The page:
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A Viral Tweet Stole Fetish Model's Photos, Told Fake Domestic Abuse Story to Sell Skinny Tea

Twitter suspended the account, but not until it got 77,000 retweets and 330,000 likes.
Image: Therma Trim 

“Ashley” joined Twitter in June of 2017. Her bio says “I’m addicted to donuts and milkshakes,” and her cover image is a wallpaper of cute illustrated donuts. Every few days she posts a photo of a decadent meal—or her nails, holding candy.

But she didn’t send her first tweet until more than a year after she joined Twitter, on Saturday. She started a personal, detailed thread about a toxic past relationship.


She wrote about how her ex controlled and manipulated her into gaining a lot of weight over the course of their relationship in the name of “feederism,” and details the abuse alongside photos and videos of her body. Feederism is a sexual fetish where someone eats a huge volume of food, and shows off the bloating or weight gain that follows.

By the end of the story, Ashley is promoting something called Therma Trim, a detox product or “skinny tea” that’s popular on Instagram. She posts before and after pictures to prove what an impact the product has had on her life. It becomes clear that the entire story is marketing for this tea. But people continued to share and quote the first tweet of the thread, adding comments like “THIS RIGHT HERE YALLLLLL!!!!” and “Never seen something so accurate” or responding with their own stories of abusive relationships.

Ashley’s thread went viral over the weekend, with more than 330,000 likes and 77,000 retweets. But none of these images are actually of her. They belong to a cam model who actually specializes in feederism, according to the model’s blog, which Motherboard reviewed. (Motherboard has left out images from this thread, to protect the privacy of the model whose photos were stolen.)

The "Ashley" account was suspended less than two hours after I contacted Twitter to ask whether this account violates the platform's rules impersonation rules.

“One of my favorite pair of shorts stopped fitting and it was so frustrating trying to find anything to wear!” Ashley’s account tweeted, with a video of a woman trying to put on a pair of too-small shorts. The video is clipped from a video of that cam model.


The real person behind these images seems to be pissed. It’s not the first time someone’s taken her images without permission, she told me in a Twitter direct message, but it is the first time someone's gotten any amount of traction and attention from them. The images of her weight loss are actually a result of a fight with anorexia and cocaine—which is where the account got the "after" photos from.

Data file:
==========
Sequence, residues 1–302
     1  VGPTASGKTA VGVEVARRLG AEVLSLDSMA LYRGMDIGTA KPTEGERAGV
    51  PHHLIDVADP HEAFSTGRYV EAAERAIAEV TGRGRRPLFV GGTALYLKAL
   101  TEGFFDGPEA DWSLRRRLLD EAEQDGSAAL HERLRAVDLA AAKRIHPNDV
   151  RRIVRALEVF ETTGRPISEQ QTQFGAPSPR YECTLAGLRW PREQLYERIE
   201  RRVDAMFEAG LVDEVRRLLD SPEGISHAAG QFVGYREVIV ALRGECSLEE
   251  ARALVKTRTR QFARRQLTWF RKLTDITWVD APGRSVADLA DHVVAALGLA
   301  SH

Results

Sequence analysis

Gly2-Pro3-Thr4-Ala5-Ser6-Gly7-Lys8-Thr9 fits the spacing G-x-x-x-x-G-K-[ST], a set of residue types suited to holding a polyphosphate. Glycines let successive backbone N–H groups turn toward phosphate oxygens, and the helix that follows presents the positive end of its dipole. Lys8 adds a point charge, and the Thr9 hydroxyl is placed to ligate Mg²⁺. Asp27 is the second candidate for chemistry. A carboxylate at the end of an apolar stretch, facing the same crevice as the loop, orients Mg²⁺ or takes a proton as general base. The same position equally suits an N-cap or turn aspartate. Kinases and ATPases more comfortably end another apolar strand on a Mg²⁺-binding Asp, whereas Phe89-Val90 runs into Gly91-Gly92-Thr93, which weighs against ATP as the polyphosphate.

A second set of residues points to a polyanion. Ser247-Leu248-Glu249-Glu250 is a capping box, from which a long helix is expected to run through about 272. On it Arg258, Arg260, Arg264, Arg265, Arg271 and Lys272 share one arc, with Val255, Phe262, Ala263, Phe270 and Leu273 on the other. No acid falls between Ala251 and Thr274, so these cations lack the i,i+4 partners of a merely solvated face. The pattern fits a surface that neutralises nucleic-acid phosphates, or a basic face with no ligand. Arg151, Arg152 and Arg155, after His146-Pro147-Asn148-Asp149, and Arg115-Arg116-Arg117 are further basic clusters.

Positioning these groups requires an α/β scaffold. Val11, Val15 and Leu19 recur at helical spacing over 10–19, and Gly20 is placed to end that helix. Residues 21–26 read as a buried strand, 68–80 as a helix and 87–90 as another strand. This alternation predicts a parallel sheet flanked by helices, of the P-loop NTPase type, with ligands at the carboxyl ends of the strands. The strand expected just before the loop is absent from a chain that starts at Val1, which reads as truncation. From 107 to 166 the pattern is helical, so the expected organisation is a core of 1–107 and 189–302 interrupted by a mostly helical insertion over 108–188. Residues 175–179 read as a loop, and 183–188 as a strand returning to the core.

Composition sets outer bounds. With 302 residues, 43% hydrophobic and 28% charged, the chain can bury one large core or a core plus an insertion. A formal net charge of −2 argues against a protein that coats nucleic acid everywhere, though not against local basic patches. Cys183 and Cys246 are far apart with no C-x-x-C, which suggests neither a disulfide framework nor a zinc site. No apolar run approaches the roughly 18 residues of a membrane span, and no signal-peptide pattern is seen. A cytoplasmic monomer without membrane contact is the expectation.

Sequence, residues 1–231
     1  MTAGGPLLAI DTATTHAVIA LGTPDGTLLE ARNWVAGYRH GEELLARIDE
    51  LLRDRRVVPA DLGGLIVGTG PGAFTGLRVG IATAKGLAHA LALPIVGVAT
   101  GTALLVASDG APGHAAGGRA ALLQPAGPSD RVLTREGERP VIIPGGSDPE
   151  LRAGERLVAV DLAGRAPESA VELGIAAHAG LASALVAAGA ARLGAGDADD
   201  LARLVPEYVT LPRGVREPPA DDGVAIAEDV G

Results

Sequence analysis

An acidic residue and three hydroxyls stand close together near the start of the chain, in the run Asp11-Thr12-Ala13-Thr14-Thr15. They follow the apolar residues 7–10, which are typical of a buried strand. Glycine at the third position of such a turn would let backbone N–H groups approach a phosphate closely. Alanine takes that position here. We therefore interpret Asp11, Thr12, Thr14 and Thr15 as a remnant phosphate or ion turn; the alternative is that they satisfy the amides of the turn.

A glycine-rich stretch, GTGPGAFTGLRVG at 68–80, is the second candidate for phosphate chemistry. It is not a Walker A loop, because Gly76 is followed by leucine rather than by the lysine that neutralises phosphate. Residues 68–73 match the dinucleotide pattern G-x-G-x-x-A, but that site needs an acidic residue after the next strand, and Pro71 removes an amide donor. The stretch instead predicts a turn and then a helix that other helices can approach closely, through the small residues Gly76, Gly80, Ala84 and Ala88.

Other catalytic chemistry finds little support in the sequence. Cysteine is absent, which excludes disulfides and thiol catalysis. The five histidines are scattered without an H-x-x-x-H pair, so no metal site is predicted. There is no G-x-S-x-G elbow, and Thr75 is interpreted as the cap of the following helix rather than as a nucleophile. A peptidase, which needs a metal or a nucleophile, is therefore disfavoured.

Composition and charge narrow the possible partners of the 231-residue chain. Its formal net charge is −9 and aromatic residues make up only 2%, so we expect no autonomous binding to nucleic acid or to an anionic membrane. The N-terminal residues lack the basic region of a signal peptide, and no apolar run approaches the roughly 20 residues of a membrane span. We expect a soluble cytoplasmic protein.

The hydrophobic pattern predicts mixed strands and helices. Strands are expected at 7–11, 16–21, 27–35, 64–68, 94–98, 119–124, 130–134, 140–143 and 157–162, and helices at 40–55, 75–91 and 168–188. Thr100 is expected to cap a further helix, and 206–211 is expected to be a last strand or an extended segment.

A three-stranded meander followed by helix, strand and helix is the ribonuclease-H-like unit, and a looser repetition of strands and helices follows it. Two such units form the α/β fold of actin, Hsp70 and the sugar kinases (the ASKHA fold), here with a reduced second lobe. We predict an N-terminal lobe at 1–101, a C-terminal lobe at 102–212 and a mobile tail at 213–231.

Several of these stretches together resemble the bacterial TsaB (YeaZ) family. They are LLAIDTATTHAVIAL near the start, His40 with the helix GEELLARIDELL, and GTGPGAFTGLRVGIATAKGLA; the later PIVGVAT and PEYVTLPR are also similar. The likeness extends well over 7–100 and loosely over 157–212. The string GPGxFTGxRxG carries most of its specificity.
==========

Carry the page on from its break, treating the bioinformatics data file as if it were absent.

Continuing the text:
She went on to tell me that they're likely taken from a database website where other people posted photos from her camming. She said she doesn't mind that they're on the database, because it's a niche website for people interested in the fetish, unlike Twitter.

"I tried to contact [@ashleyeats] but they blocked me smh," the model told me. "The whole situation has really freaked with my sense of privacy and paranoia, because this fetish is VERY private to me and taboo to the rest of the world really. I’ve had multiple of my friends send me the thread and I had to tell them about what I’ve been doing and all in all, it’s really embarrassing."

The implications of nonconsensually outing a sex worker for any reason can be disastrous. The model wrote in her blog post that after the tweet went viral, people outside of her work as a cam model saw it and recognized her. She explicitly says she wanted to keep her camming private—but this viral tweet destroyed that. Beyond that, it’s a made-up story of domestic abuse that’s used for viral marketing.


The fact that all of this happened around a fake account hocking skinny tea is especially jarring and dystopian. We have no idea who is actually behind the account that tweeted it—I dmed the account but didn't receive a reply, and I did not receive a response to any of my questions when I reached a representative for Therma Trim.

Therma Trim is among the companies selling “fit tea” as a detox or weight loss product, like those that that pay celebrities to endorse them on Instagram. Most of the time, these teas are simply laxatives, but they can be dangerous for one’s health, especially for someone already struggling with disordered eating. While some herbal teas can be used occasionally to help ease constipation, the FDA has reported several deaths from laxative tea abuse.

Ashley tweeted that she was inspired to lose weight by a story she came across organically online—much in the same way she’s set other people up to see her story. A website called “HealthNews” (which appears to exist to sell skinny tea) claims that a woman tried Therma Trim and “was able to drop 25 pounds off her waist in 1 month without ever using a dime of her own money.” Therma Trim has also been called Prime Slim, but every promotional article about the product makes the same claims: That it will increase resting metabolism, flush out harmful toxins, boost energy and block fat production. The main ingredient that Therma Trim claims makes it product work is forskolin, which is sometimes used in weight loss supplements. There have only been small studies on forskolin for weight loss—and there's nowhere near enough evidence to prove that it works for weight management.

At the very least, impersonation is against Twitter’s rules, but as we saw with deepfakes, it’s often up to the victim to file complaints to get their stolen content taken down, and even then, they’re at the mercy of the platforms’ decision.

Ashley’s thread went viral because it’s using a common and incredibly painful abuse victim narrative—even if that specific victim doesn’t exist, many stories just like this do.